Mike Collins (CAPCOM)

People listening to the high bit rate down here say it's like sitting in your living room listening to good hi-fi.

Frank Borman (CDR)

Sounds like a good idea.

Mike Collins (CAPCOM)

Apollo 8, Houston. Coming up on 2 minutes to LOS. We got a good reservice on the primary evaporator, and everything is still looking very good down here.

Mike Collins (CAPCOM)

Apollo 8, Houston. One minute to LOS. Are you still reading us loud and clear?

Frank Borman (CDR)

Loud and clear. Loud and clear.

Mike Collins (CAPCOM)

Okay, fine. We've been noticing a little bit of increase in our background noise as you approach backside.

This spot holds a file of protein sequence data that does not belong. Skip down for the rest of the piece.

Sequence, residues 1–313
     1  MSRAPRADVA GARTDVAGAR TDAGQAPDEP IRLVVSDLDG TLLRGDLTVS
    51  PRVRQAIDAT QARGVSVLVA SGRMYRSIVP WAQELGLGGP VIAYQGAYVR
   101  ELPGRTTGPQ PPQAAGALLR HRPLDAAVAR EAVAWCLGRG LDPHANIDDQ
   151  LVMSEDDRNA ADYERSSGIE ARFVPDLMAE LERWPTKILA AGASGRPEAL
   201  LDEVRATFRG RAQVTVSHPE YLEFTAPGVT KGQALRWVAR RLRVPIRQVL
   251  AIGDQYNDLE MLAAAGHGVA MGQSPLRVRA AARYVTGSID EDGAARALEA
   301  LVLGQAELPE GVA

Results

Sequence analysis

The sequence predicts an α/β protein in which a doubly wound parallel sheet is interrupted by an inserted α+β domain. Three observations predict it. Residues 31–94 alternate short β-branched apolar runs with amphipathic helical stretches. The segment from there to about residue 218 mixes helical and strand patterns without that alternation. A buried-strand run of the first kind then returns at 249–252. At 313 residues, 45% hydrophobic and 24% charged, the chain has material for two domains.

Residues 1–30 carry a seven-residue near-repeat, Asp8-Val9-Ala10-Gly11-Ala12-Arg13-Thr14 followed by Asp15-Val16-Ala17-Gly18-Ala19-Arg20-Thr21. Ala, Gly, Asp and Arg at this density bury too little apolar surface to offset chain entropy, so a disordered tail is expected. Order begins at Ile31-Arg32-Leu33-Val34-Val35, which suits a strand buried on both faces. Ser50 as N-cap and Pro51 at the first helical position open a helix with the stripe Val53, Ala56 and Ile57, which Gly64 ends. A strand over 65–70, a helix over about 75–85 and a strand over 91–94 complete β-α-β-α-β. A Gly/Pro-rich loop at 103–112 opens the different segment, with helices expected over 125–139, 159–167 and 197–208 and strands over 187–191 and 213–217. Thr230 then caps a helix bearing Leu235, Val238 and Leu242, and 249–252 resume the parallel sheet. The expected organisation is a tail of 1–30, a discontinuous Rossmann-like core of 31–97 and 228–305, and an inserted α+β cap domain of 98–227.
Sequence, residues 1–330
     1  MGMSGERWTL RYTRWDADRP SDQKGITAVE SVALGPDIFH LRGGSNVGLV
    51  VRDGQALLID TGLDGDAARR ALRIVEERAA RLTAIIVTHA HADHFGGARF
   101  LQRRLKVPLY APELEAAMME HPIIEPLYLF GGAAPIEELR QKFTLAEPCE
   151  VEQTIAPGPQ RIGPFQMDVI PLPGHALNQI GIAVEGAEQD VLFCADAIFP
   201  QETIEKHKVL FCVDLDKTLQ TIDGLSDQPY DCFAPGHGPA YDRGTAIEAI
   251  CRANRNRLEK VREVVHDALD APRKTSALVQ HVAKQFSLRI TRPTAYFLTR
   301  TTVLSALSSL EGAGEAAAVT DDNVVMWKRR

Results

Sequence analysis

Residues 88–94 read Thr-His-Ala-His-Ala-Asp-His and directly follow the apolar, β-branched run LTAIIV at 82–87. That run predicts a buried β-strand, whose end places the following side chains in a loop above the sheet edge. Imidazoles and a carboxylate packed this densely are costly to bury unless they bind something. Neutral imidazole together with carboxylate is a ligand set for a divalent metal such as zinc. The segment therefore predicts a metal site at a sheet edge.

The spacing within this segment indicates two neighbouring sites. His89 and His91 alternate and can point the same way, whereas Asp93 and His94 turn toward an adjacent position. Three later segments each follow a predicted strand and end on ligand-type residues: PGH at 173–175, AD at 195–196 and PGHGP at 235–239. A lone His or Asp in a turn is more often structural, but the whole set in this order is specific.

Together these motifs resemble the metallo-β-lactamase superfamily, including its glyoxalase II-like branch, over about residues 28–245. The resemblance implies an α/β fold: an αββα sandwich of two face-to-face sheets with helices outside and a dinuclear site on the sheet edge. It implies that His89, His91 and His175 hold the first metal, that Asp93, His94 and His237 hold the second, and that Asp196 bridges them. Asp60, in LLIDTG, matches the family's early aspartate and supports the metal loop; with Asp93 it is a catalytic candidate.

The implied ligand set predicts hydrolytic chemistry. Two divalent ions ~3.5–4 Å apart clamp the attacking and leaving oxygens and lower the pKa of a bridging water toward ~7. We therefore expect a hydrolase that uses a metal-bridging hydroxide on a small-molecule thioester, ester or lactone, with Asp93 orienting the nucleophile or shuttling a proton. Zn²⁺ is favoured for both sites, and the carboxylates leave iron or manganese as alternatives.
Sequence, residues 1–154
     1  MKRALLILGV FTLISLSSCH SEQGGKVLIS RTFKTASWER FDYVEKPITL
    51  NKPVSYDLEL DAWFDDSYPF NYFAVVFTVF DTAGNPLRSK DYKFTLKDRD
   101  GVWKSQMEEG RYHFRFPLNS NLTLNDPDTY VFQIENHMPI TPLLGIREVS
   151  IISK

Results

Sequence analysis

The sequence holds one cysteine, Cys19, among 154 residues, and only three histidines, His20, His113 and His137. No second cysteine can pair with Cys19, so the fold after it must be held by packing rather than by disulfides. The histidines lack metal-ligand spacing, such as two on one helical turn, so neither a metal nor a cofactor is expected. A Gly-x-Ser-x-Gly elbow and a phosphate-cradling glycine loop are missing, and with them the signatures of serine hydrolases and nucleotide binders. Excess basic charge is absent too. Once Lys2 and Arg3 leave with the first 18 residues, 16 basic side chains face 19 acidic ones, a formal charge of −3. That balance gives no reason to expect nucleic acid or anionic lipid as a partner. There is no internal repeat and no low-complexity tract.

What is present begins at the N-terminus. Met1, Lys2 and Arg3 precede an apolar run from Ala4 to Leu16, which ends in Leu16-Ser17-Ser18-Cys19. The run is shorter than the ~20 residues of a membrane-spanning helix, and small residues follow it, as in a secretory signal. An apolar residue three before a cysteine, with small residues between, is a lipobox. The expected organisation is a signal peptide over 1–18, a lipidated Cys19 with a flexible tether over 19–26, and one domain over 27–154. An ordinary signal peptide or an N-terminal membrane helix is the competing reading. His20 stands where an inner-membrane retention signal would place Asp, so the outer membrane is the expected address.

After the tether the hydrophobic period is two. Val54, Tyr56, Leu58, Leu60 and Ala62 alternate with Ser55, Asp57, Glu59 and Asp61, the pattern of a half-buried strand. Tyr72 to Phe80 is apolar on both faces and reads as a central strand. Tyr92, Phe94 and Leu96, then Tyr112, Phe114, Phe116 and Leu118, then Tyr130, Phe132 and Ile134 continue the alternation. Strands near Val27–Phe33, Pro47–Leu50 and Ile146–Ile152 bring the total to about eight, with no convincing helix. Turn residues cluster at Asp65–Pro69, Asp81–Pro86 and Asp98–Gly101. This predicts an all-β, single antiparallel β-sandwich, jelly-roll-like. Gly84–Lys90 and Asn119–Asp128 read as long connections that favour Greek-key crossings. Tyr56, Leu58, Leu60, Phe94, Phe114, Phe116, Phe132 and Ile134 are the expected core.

Frank Borman (CDR)

Roger. We had to go off the high gain. That's why.

Mike Collins (CAPCOM)

Have a good backside; we'll see you next time around.

Mike Collins (CAPCOM)

Apollo 8, this is Houston. Over.

Bill Anders (LMP)

Houston, Apollo 8. Go ahead.

Mike Collins (CAPCOM)

Roger. Read you loud and clear. Welcome back.

Bill Anders (LMP)

Roger. Looks like the evaporator—looks like the evaporator is holding okay, or at least it is trying to. It dropped the temperature down to about 32, and now it's come back up again and stabilized at about 42 degrees.

Jim Lovell (CMP)

Roger. Houston, this is Apollo 8. What we are doing on the control point tracking—I managed to look for a CP-1 at the same time we were trying to do a CP-2 on this rev. I picked up two marks which are just as small, but more easily recognizable, than the ones that were given to me. I know that I can repeat the process and pick the same small point on the next rev. Now I can try to look for the control points that are written down, but I think that I have better control over the ones that we have.

Mike Collins (CAPCOM)

Roger, Jim. Understand. We'll check that for you.

Jim Lovell (CMP)